The Collège de France recently set up a new permanent chair entitled "Human Genomics and Evolution". It is currently held by Lluis Quintana-Murci, a population geneticist at the Institut Pasteur. He is particularly renowned for his expertise in human genetics because of the medical impact of his basic research – the aim of his work is to identify the genetic basis of immune system variability and resistance to infection. The lectures he gives at the Collège de France demonstrate the enormous potential of population genetics and genomics for understanding diseases. As well as infectious diseases such as malaria, tuberculosis and hepatitis C, population genetics can help explain the development of autoimmune disorders (allergies, inflammation, autoimmunity, etc.) in humans. Put simply, the aim is to understand the evolution of the immune system so as to pave the way for precision medicine. Population genetics also looks at the cultural aspects of human evolution. The multifaceted nature of this research field echoes the wealth of humanity's genetic heritage.
In any given population, individuals differ genetically from one another in a great many of their genes. "Population genetics is a scientific discipline that aims to assess the degree of genetic diversity within a group made up of several individuals," explains Lluis Quintana-Murci, Head of the Human Evolutionary Genetics Unit at the Institut Pasteur. "It looks at the distribution of genes and identifies any changes in their frequency, with the purpose of improving our understanding of the origins of our species, human migrations, and how we have adapted genetically to environmental changes."
Our genetic diversity is governed by several genomic, demographic and evolutionary factors:
- genetic mutations, in other words changes to the DNA sequence of a gene;
- natural selection, a process (proposed by Darwin) by which the natural elimination of the least fit in any given environment enables a population to adapt from one generation to the next;
- genetic drift, the evolution of a population or a species caused by random phenomena that are impossible to predict. The effects of drift are particularly important in small populations;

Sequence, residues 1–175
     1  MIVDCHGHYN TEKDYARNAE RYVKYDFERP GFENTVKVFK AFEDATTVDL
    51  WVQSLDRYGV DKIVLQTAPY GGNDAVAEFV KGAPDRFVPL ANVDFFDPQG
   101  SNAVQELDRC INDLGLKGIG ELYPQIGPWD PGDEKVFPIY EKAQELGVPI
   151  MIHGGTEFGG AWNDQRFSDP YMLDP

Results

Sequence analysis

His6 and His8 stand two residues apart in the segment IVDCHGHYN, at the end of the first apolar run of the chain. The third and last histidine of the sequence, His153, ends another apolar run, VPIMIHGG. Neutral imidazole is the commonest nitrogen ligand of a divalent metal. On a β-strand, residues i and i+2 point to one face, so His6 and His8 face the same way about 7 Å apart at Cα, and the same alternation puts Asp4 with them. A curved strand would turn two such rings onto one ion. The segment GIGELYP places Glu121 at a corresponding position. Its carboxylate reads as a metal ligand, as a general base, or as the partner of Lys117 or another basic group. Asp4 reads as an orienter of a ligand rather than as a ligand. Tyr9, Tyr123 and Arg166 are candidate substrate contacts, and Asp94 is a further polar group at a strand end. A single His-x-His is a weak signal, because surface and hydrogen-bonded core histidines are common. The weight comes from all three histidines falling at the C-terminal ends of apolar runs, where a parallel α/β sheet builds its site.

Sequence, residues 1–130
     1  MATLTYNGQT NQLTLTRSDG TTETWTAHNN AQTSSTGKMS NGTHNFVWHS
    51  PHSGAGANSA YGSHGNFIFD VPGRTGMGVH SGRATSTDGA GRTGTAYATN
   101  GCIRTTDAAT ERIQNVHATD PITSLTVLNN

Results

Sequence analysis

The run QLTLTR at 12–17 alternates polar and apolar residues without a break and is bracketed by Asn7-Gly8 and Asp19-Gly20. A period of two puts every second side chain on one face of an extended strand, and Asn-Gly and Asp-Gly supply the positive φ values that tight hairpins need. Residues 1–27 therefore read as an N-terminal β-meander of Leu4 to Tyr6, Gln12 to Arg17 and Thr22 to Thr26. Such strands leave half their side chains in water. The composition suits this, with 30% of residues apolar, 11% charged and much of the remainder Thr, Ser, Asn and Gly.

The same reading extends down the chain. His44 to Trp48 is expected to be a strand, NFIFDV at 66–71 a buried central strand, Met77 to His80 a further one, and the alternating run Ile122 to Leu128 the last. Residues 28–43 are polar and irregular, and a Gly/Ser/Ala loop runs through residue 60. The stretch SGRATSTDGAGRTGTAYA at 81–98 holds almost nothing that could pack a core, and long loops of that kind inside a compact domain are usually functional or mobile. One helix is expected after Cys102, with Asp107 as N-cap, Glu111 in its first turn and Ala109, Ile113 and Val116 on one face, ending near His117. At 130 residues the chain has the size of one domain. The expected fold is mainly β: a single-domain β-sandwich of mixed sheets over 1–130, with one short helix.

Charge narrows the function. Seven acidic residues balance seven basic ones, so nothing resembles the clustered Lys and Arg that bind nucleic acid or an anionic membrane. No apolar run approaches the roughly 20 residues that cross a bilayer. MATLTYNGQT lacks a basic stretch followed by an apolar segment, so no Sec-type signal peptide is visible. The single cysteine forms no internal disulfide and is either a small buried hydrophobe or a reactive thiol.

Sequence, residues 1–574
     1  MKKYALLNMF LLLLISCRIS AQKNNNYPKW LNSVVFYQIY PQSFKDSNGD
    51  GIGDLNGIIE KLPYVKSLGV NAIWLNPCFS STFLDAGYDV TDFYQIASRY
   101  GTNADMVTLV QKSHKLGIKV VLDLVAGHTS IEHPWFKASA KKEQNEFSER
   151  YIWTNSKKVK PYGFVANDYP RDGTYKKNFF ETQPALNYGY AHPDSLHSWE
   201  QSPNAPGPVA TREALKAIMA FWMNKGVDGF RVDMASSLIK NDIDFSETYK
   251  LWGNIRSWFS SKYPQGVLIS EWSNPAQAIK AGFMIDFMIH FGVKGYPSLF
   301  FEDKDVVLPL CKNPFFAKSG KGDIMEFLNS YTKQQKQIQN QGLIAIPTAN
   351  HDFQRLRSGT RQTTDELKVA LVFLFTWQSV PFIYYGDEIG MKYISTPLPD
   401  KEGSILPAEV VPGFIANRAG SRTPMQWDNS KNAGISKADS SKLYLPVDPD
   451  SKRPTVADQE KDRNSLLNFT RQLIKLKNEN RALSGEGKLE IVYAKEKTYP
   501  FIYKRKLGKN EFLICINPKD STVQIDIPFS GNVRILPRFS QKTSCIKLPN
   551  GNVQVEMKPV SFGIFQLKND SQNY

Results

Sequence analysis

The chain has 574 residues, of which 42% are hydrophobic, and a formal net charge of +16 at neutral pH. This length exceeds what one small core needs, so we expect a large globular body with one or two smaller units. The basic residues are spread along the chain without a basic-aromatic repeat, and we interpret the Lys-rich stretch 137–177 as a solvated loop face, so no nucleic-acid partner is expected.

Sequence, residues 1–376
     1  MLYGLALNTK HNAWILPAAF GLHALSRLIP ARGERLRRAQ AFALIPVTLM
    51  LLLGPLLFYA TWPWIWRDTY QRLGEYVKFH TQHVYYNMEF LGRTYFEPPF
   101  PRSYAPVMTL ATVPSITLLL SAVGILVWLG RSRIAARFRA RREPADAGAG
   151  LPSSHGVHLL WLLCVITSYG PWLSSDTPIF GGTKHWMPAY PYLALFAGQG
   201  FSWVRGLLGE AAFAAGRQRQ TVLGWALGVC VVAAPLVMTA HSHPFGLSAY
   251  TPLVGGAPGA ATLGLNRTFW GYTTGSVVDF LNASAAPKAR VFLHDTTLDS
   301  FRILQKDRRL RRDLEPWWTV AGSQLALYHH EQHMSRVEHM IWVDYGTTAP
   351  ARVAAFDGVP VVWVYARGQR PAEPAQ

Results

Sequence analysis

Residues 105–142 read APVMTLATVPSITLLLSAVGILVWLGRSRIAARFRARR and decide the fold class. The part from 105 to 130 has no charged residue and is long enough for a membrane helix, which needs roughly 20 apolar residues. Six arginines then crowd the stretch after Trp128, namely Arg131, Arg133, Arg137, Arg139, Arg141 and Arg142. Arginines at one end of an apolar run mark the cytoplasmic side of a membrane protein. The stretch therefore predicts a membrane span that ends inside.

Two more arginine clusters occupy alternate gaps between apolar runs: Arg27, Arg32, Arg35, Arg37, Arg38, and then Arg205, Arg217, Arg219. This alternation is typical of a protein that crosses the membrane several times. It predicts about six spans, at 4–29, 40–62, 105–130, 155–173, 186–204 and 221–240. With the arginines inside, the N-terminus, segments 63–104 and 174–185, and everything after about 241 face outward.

- genetic migration, the transfer of genes from one population to another because of the migration of individuals.
Population genetics enables us to study "the origins and age of the human population and the history of the colonization of the planet." The discipline also sheds light on "the impact of our heredity on our health, our predispositions to certain diseases, and even our differential responses to therapeutic treatments," explains Lluis Quintana-Murci, who adds: "Population genetics also investigates how the historical habitat of a population and its lifestyle have influenced our genome... and our epigenome" – those "tags" attached to the genome that do not actually modify DNA itself.
At the Institut Pasteur, population genetics touches on several fields of expertise including human genetics, genomics, evolutionary biology and immunology. The Institut Pasteur's scientists employ a multidisciplinary approach to improve understanding of humans' genetic diversity, especially in relation to infectious diseases. "In Western countries, many genetic studies are carried out on populations of European origin – Europeans and North Americans of European descent –, but we need to open our research up to Africans and Asians." This broader vision of genetic diversity would improve our knowledge of the genetic basis of infectious diseases. "For the past 15 years we have been investigating population genetics in Central Africa (in Cameroon and Gabon), as well as, more recently, Vanuatu and the Solomon Islands in the Pacific," continues Lluis Quintana-Murci. "We also have a project in French Polynesia. And it is important for us to study "neglected populations". It goes without saying that we need to treat all diseases that affect all populations."
© Institut Pasteur
The history of population genetics